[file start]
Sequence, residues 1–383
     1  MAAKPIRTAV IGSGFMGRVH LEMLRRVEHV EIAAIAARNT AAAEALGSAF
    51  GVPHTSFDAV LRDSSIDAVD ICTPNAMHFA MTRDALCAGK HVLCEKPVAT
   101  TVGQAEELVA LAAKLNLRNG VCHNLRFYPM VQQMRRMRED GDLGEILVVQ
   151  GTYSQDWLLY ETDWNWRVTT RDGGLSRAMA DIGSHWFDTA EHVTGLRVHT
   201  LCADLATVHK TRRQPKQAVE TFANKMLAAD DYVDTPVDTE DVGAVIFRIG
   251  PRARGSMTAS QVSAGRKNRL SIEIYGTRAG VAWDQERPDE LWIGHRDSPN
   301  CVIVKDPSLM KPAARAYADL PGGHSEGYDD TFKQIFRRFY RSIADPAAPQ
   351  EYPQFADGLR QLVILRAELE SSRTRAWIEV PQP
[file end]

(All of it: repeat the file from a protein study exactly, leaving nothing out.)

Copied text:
Sequence, residues 1–383
     1  MAAKPIRTAV IGSGFMGRVH LEMLRRVEHV EIAAIAARNT AAAEALGSAF
    51  GVPHTSFDAV LRDSSIDAVD ICTPNAMHFA MTRDALCAGK HVLCEKPVAT
   101  TVGQAEELVA LAAKLNLRNG VCHNLRFYPM VQQMRRMRED GDLGEILVVQ
   151  GTYSQDWLLY ETDWNWRVTT RDGGLSRAMA DIGSHWFDTA EHVTGLRVHT
   201  LCADLATVHK TRRQPKQAVE TFANKMLAAD DYVDTPVDTE DVGAVIFRIG
   251  PRARGSMTAS QVSAGRKNRL SIEIYGTRAG VAWDQERPDE LWIGHRDSPN
   301  CVIVKDPSLM KPAARAYADL PGGHSEGYDD TFKQIFRRFY RSIADPAAPQ
   351  EYPQFADGLR QLVILRAELE SSRTRAWIEV PQP